Spraying---also known as marking---is a common occurrence in cats. When a cat sprays, he is leaving a mark---or type of message---for other cats with his urine. During the spraying process, the cat will back up towards the object, hold his tail up in the air and spray the item with several short bursts of urine. It is more common for an unneutered male feline to spray. Tom cats are not the only culprits of this behaviour; neutered males and female cats can spray as well. Tom cats are typically unneutered outdoor male cats that may or may not have a home. Tom cat spray is a pungent odour that can drift into your home.
Create a solution of 4 cups of hydrogen peroxide, 4 tsp of baking soda and 4 drops of a mild dish-washing liquid. Use a hydrogen peroxide with a grade of 20% or 35% instead of the 3 per cent grade that is normally found in department stores.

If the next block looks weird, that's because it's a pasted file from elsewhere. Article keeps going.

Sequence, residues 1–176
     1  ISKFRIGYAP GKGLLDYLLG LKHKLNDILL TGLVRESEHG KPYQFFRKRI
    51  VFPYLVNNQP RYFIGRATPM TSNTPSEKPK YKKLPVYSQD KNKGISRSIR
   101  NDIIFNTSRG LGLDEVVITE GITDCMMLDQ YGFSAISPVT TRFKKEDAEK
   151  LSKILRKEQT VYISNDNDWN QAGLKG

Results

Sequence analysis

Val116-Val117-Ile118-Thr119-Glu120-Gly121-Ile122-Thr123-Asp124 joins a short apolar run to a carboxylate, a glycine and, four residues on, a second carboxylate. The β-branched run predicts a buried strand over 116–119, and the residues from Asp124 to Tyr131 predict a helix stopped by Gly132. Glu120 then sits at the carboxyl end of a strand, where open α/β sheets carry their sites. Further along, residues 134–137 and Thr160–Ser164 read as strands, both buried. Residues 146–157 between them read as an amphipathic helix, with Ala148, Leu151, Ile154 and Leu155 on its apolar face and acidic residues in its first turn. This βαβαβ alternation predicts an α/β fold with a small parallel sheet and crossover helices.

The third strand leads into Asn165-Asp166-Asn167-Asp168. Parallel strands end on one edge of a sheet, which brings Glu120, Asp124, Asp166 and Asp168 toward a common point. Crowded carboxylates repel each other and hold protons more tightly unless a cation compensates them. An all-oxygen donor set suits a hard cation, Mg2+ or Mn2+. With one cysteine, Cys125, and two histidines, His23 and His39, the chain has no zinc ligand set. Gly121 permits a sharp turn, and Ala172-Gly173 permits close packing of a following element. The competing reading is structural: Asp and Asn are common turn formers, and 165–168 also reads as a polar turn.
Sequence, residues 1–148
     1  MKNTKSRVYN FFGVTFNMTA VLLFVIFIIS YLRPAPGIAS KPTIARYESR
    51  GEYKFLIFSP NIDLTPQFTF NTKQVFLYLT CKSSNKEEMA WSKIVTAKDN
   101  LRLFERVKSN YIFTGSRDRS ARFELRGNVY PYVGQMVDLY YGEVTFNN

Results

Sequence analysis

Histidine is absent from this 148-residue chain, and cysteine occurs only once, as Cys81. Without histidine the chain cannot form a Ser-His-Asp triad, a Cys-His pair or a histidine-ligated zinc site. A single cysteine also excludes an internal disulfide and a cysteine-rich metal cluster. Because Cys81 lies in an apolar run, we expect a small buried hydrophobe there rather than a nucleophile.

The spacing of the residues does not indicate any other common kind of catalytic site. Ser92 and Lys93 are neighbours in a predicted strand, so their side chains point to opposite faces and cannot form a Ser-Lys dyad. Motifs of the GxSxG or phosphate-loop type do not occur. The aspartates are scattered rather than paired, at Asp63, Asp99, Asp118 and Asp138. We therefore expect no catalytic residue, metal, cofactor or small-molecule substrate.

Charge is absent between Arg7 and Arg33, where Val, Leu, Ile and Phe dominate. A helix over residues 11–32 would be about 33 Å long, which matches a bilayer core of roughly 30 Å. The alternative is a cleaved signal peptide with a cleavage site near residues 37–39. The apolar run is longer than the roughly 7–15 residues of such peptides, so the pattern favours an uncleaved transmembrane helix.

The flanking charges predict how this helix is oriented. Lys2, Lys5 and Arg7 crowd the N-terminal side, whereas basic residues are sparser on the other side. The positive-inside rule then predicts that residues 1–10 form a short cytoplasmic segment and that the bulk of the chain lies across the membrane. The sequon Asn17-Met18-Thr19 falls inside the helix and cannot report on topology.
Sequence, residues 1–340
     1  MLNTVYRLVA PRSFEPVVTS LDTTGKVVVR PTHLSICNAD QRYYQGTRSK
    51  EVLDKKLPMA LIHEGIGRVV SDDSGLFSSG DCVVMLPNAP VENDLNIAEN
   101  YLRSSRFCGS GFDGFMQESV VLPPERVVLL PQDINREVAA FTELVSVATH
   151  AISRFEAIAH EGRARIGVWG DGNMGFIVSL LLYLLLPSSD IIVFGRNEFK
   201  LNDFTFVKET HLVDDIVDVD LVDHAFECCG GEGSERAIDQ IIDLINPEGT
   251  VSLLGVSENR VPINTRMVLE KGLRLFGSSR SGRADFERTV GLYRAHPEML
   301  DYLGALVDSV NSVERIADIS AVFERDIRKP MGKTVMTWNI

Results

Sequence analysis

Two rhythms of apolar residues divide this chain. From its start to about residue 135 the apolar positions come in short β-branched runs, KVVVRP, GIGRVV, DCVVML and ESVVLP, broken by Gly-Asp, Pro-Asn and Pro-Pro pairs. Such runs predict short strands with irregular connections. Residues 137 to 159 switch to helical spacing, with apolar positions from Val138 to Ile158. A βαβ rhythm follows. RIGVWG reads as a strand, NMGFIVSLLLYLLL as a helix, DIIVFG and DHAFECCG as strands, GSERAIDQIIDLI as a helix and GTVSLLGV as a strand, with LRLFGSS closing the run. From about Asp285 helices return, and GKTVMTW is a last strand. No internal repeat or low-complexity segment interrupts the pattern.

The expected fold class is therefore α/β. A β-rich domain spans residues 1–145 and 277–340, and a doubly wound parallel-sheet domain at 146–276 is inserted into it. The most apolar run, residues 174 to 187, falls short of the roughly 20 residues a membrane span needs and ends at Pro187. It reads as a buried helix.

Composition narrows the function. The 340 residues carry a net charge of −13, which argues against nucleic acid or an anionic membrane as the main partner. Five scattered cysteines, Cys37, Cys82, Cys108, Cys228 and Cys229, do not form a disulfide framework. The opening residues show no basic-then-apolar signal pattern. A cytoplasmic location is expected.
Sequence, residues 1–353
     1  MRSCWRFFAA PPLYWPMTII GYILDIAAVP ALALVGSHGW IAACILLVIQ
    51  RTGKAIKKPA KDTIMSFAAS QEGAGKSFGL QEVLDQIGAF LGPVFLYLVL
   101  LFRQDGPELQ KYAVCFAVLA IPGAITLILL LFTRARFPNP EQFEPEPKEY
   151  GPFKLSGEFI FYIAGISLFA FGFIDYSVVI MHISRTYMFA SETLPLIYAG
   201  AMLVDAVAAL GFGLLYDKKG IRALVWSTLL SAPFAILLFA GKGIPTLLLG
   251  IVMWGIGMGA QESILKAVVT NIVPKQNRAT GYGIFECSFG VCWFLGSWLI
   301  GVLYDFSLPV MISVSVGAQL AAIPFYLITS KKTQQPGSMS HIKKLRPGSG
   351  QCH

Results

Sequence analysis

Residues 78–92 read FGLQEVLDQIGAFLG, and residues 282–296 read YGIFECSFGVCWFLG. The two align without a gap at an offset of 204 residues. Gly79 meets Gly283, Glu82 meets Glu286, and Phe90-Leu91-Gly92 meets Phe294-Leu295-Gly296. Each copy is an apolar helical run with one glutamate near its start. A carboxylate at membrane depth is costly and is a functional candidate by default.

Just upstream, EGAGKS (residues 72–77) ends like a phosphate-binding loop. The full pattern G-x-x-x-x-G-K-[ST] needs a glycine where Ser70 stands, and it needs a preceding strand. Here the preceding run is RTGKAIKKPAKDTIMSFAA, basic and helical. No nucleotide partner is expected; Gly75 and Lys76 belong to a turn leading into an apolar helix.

Pour the solution into a clean spray bottle.
Gain access to the area underneath your home.
Spray the solution liberally onto the dirt under your home. As the solution dries, it will neutralise the odour.
Blot the fresh cat urine with paper towels. Continue blotting until you can no longer soak up any urine. Discard the paper towels.
Create a solution of 3 parts cool water to 1 part distilled white vinegar. Pour the solution into a clean spray bottle.
Spray the area liberally with the solution. For carpets, use a scrub brush to scrub the solution into the carpet. Allow the area to air dry.
Sprinkle baking soda directly onto the area. Leave the baking soda for at least a few hours but preferably overnight.
Remove the baking soda with a vacuum. For upholstery, use your vacuum's attachments to suck up the baking soda.
Set your washing machine to the coolest setting and allow the washer to begin filling with water.
Pour the laundry detergent into the washing machine.
Add ¼ cup of apple cider vinegar to the water.
Place the clothing into the washing machine. Allow the washer to run through a complete cycle.
Repeat the process is odour remains.